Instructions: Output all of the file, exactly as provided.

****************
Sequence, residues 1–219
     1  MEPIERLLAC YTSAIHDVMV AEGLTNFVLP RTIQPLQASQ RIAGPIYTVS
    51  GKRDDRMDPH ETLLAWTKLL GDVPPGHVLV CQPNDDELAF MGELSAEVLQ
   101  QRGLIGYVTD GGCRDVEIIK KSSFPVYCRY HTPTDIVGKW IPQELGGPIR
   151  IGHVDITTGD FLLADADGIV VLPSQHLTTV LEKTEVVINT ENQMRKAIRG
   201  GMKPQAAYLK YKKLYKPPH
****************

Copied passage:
Sequence, residues 1–219
     1  MEPIERLLAC YTSAIHDVMV AEGLTNFVLP RTIQPLQASQ RIAGPIYTVS
    51  GKRDDRMDPH ETLLAWTKLL GDVPPGHVLV CQPNDDELAF MGELSAEVLQ
   101  QRGLIGYVTD GGCRDVEIIK KSSFPVYCRY HTPTDIVGKW IPQELGGPIR
   151  IGHVDITTGD FLLADADGIV VLPSQHLTTV LEKTEVVINT ENQMRKAIRG
   201  GMKPQAAYLK YKKLYKPPH